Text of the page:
BALM OF GILEAD BUDS
Populus spp./P. candicans
The true identity of this tree is quite mysterious and often confused. Given its biblical name it is natural to assume that it must be a tree of Middle Eastern origin. Indeed there is such a tree, which as legend tells us, Queen Sheba brought as a gift for King Solomon and which henceforth grew abundantly on Mount Gilead. However, the identity of that species is believed to be Commiphora Opobalsamum a member of the Burseraceae. While this plant indeed has a sweet smelling balsam, what is nowadays commonly referred to as Balm of Gilead are the resinous winter buds of a type of North American poplar tree, also known as Cottonwood. There are various species of Cottonwoods with similar properties and, given the liberal sexual behaviour of Cottonwoods, which freely interbreed with members of related species, it is sometimes very difficult to determine exactly which type of Poplar a given bud derived from. Moreover, different Latin names are often applied to the same species, which confuses the matter even further.
The sticky buds of Balm of Gilead are extremely useful. North American Indians have long utilised their healing properties as an effective treatment for protracted coughs, whooping cough and, used like Friars Balsam, to clear the upper respiratory tract. But their real secret value lies in their excellent ability to soothe aches and pains, whether they stem from tissue damage such as sore muscles, bruises or burns, or from rheumatism. The balsam is not water soluble, so it is necessary to extract it either with fat, by macerating it in oil or cocoa butter in a warm place (do not boil, otherwise the buds might get burnt), or to prepare an alcoholic extract (tincture). It should be noted however, that some people develop an allergic reaction, which is more common with the tincture than with the ointment. This is probably due to the salicylic acid that is extracted in alcohol, but not in fat. So, if you are allergic to aspirin, you will probably react to Balm of Gilead tincture as well. For those that are not allergic it offers great healing powers to fight viral, bacterial and fungal infections such as athlete's foot or herpes simplex. Bees use the sticky resin of poplars as 'bee glue' to seal and protect their hives against intruders. Mixing the resins they collect with waxy substances they excrete they form a substance known as 'Propolis', which is hailed as a marvellous healing substance with antiviral, antimicrobial and anti-fungal properties. However, one can extract the same benefits from Balm of Gilead in its natural form, which may help those who are allergic to bee products, but not to salicylic acid.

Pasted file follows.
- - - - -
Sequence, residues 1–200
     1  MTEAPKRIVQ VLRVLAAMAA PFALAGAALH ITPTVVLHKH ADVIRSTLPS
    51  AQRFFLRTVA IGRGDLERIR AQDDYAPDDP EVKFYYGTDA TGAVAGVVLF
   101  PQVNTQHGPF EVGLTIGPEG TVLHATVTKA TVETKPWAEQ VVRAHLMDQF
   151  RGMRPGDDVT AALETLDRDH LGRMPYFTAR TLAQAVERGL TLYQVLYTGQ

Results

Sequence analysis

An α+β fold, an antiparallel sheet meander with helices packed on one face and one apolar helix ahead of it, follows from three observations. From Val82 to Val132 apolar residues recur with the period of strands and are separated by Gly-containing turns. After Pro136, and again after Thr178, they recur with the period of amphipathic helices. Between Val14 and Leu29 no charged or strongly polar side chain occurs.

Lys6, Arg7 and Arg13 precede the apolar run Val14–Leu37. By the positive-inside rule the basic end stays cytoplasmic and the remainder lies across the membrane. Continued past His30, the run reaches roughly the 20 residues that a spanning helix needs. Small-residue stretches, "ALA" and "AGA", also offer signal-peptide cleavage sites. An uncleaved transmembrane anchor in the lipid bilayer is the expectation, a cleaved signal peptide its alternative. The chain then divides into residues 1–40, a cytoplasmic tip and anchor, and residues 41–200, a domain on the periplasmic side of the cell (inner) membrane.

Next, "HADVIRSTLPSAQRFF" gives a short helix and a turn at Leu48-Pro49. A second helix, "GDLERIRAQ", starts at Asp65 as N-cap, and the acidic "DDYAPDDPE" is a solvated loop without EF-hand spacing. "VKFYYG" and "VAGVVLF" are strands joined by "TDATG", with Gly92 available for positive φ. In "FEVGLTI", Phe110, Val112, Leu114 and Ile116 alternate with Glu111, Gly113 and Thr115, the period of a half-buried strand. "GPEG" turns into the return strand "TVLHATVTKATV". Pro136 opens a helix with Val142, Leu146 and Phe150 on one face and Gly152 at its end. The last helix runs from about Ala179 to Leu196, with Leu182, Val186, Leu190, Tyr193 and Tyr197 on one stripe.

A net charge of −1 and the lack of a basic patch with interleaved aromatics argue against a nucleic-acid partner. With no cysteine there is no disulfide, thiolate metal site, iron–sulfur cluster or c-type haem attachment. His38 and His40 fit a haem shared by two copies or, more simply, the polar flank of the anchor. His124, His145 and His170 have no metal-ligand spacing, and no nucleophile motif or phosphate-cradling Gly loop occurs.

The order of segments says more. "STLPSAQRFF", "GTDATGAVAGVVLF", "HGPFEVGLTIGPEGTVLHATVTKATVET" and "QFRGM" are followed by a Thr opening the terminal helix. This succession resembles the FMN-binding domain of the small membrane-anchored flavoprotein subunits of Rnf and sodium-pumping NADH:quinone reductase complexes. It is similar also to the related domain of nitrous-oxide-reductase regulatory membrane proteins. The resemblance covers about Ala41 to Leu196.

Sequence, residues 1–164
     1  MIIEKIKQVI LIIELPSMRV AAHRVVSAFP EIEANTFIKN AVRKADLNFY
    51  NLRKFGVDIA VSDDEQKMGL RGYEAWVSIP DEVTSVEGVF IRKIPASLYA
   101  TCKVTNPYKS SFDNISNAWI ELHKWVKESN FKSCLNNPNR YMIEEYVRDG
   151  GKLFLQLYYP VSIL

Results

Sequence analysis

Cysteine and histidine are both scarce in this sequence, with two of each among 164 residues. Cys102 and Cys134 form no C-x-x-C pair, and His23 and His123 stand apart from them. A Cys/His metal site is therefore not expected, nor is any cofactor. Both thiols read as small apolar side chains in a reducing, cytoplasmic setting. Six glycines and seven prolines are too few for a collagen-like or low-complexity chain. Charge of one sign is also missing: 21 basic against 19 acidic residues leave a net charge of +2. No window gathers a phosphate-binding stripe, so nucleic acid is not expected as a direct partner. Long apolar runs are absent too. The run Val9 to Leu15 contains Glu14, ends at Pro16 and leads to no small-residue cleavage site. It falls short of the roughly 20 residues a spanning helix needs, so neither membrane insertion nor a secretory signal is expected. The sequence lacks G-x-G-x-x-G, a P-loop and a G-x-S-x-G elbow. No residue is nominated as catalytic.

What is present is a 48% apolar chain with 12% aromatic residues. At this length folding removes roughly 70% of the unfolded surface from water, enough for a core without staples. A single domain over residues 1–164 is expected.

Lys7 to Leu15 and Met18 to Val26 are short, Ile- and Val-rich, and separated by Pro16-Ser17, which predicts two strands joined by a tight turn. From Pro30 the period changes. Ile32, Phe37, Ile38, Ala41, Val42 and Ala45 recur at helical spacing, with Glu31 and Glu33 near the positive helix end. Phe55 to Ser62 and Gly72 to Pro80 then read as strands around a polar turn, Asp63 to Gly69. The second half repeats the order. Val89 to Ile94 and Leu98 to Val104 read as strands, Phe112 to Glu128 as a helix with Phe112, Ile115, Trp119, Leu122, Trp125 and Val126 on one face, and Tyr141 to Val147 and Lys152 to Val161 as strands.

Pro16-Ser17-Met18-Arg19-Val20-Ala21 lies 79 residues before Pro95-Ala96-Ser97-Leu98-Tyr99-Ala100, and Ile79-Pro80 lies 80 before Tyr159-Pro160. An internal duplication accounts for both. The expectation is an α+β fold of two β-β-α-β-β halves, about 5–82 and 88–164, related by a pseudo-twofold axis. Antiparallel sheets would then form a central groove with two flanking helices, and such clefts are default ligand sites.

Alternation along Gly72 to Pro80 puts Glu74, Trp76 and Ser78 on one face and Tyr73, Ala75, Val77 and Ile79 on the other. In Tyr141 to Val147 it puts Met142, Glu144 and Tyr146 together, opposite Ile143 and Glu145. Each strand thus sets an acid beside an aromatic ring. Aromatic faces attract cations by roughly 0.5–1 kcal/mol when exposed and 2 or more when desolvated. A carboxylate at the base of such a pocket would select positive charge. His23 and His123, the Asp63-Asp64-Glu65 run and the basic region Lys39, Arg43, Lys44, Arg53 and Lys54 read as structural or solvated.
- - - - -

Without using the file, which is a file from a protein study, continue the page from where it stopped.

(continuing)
Balsam Poplar or Cottonwood is one of the most sacred trees in Native American plant lore. Many tribes regard them as a kind of spirit conductor, which conveys messages of the spirit world through their rustling leaves. Sacred objects, like the Hopi Kachinas, were fashioned from Cottonwood. Cottonwoods were associated with fertility. Cottonwood is not a European tree, but indigenous species of Poplar also played role in folk magic, albeit a minor one. In European plant lore poplars are considered protective, especially against lightening and against snakes.